Apr 18, 11:35 AM EDT
Associated Press Writer
WASHINGTON (AP) -- The Supreme Court upheld the
nationwide ban on a controversial abortion procedure
Wednesday, handing abortion opponents the long-awaited
victory they expected from a more conservative bench.
The 5-4 ruling said the Partial Birth Abortion Ban Act
that Congress passed and President Bush signed into
law in 2003 does not violate a woman's constitutional
right to an abortion.
The opponents of the act "have not demonstrated that
the Act would be unconstitutional in a large fraction
of relevant cases," Justice Anthony Kennedy wrote in
the majority opinion.
The administration defended the law as drawing a
bright line between abortion and infanticide.
The decision pitted the court's conservatives against
its liberals, with President Bush's two appointees,
Chief Justice John Roberts and Justice Samuel Alito,
siding with the majority.
Justices Clarence Thomas and Antonin Scalia also were
in the majority.
It was the first time the court banned a specific
procedure in a case over how - not whether - to
perform an abortion.
Abortion rights groups as well as the leading
association of obstetricians and gynecologists have
said the procedure sometimes is the safest for a
woman. They also said that such a ruling could
threaten most abortions after 12 weeks of pregnancy,
although government lawyers and others who favor the
ban said there are alternate, more widely used
procedures that remain legal.
The outcome is likely to spur efforts at the state
level to place more restrictions on abortions.
"I applaud the Court for its ruling today, and my hope
is that it sets the stage for further progress in the
fight to ensure our nation's laws respect the sanctity
of unborn human life," said Rep. John Boehner of Ohio,
Republican leader in the House of Representatives.
Said Eve Gartner of the Planned Parenthood Federation
of America: "This ruling flies in the face of 30 years
of Supreme Court precedent and the best interest of
women's health and safety. ... This ruling tells women
that politicians, not doctors, will make their health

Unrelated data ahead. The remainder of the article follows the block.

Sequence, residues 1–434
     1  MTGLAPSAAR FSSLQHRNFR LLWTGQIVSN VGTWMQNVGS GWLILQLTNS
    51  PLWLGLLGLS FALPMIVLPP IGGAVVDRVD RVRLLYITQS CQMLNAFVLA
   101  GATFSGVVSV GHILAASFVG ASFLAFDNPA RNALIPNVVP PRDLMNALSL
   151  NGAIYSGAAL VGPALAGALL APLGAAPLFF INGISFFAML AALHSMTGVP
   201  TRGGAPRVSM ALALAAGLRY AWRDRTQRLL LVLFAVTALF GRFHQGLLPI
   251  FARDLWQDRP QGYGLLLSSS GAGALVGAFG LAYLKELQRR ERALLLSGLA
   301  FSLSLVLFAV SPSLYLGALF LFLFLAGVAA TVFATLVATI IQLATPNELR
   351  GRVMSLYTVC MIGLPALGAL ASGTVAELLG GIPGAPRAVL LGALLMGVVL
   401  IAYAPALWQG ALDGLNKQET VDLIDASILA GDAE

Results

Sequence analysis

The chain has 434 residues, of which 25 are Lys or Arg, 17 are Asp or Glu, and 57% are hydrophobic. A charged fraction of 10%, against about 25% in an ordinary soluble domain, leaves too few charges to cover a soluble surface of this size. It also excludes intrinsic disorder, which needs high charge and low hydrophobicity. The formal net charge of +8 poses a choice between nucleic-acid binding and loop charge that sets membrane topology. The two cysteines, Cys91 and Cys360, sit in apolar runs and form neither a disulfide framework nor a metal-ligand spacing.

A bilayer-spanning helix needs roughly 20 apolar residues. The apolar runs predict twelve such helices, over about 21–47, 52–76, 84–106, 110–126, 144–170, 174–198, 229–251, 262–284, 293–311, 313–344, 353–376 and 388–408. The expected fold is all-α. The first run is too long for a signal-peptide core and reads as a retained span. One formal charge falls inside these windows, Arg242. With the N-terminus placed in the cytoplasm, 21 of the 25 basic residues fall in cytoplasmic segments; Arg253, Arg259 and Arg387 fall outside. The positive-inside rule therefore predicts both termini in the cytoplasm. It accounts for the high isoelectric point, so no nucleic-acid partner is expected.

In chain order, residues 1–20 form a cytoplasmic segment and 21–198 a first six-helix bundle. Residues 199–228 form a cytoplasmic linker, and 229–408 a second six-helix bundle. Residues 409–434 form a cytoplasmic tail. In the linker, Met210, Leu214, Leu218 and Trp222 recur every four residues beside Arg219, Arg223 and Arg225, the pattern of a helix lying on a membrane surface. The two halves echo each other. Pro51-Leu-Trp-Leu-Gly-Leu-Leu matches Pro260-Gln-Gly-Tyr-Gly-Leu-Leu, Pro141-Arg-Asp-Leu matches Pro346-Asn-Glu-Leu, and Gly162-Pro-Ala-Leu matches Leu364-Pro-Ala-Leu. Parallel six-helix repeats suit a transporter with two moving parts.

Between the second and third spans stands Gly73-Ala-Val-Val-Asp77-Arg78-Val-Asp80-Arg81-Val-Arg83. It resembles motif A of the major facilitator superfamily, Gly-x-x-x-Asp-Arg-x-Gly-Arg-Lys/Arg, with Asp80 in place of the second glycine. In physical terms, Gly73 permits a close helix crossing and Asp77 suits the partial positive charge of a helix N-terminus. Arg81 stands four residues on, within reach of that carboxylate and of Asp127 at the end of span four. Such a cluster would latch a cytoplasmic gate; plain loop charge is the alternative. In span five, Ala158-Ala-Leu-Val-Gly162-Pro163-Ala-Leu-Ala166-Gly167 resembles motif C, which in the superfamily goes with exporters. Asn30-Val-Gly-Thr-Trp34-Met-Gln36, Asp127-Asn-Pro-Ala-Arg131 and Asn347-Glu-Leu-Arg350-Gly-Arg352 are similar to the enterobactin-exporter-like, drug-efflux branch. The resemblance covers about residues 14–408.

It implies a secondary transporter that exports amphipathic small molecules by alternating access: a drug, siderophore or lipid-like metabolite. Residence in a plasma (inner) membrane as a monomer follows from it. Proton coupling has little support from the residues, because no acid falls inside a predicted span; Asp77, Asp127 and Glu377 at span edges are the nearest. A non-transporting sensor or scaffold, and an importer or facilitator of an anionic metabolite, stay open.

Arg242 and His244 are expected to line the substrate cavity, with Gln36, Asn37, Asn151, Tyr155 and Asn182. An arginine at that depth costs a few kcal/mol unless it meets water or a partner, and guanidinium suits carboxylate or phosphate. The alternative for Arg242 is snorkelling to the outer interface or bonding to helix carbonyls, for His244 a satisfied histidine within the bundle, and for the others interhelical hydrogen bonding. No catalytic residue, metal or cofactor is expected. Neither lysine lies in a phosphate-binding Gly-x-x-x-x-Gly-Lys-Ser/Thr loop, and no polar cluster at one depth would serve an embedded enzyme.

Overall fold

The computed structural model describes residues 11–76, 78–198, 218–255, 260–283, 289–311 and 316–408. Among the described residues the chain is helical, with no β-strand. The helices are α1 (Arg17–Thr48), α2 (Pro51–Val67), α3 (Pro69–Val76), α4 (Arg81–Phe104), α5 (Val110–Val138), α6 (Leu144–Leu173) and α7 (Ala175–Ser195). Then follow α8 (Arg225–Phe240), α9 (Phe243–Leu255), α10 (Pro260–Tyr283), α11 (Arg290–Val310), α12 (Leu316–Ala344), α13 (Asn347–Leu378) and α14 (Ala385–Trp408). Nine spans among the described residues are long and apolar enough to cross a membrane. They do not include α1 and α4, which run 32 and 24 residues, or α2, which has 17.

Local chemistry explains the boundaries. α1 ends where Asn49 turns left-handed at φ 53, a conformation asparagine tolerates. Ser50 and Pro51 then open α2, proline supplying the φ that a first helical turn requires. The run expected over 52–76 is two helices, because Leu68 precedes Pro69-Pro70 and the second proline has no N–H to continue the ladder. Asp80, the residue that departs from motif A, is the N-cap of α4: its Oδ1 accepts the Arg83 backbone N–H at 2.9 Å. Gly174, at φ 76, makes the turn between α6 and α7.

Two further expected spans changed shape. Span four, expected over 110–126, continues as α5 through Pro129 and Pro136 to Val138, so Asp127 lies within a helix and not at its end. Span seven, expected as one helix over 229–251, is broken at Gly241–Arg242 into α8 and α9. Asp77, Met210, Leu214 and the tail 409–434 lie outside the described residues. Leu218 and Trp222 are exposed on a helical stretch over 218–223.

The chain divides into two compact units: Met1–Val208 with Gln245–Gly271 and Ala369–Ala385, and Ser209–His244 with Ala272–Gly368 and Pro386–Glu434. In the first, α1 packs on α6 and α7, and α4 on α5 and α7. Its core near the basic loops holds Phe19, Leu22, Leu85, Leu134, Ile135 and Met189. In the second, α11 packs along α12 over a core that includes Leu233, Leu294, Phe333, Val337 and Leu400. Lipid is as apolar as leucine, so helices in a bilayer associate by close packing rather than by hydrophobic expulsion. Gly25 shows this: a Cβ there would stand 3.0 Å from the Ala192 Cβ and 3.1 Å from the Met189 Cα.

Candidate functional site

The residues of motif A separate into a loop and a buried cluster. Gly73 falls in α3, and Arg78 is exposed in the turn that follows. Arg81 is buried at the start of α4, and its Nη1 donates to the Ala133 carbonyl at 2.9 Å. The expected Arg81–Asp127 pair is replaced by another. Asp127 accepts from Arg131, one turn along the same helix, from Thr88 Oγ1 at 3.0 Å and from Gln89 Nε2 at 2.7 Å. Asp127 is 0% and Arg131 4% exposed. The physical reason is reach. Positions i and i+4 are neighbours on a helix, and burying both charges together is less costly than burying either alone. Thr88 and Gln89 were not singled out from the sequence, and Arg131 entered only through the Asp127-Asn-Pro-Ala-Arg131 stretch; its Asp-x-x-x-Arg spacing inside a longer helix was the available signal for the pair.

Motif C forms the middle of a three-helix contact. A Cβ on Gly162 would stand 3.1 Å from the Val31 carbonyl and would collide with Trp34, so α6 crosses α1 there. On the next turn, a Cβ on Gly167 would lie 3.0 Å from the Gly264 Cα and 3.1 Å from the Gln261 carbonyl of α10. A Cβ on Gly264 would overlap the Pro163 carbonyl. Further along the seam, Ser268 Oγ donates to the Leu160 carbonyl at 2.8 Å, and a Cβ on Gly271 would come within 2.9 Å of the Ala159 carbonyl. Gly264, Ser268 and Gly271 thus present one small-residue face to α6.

care decisions for them." She had argued that point
before the justices.
More than 1 million abortions are performed in the
United States each year, according to recent
statistics. Nearly 90 percent of those occur in the
first 12 weeks of pregnancy, and are not affected by
Six federal courts have said the law that was in focus
Wednesday is an impermissible restriction on a woman's
constitutional right to an abortion.
The law bans a method of ending a pregnancy, rather
than limiting when an abortion can be performed.
"Today's decision is alarming," Justice Ruth Bader
Ginsburg wrote in dissent. She said the ruling
"refuses to take ... seriously" previous Supreme Court
decisions on abortion.
Ginsburg said the latest decision "tolerates, indeed
applauds, federal intervention to ban nationwide a
procedure found necessary and proper in certain cases
by the American College of Obstetricians and
She was joined by Justices Stephen Breyer, David
Souter and John Paul Stevens.
The procedure at issue involves partially removing the
fetus intact from a woman's uterus, then crushing or
cutting its skull to complete the abortion.
Abortion opponents say the law will not reduce the
number of abortions performed because an alternate
method - dismembering the fetus in the uterus - is
available and, indeed, much more common.
In 2000, the court with key differences in its
membership struck down a state ban on partial-birth
abortions. Writing for a 5-4 majority at that time,
Justice Breyer said the law imposed an undue burden on
a woman's right to make an abortion decision.
The Republican-controlled Congress responded in 2003
by passing a federal law that asserted the procedure
is gruesome, inhumane and never medically necessary to
preserve a woman's health. That statement was designed
to overcome the health exception to restrictions that
the court has demanded in abortion cases.
But federal judges in California, Nebraska and New
York said the law was unconstitutional, and three
appellate courts agreed. The Supreme Court accepted
appeals from California and Nebraska, setting up
Kennedy's dissent in 2000 was so strong that few court
watchers expected him to take a different view of the
Kennedy acknowledged continuing disagreement about the
procedure within the medical community. In the past,
courts have cited that uncertainty as a reason to
allow the disputed procedure.
But Kennedy said, "The law need not give abortion
doctors unfettered choice in the course of their
He said the more common abortion method, involving
dismemberment, is beyond the reach of the federal ban.
While the court upheld the law against a broad attack
on its constitutionality, Kennedy said the court could
entertain a challenge in which a doctor found it
necessary to perform the banned procedure on a patient
suffering certain medical complications.
Doctors most often refer to the procedure as a
dilation and extraction or an intact dilation and
The law allows the procedure to be performed when a
woman's life is in jeopardy.
The cases are Gonzales v. Carhart, 05-380, and
Gonzales v. Planned Parenthood, 05-1382.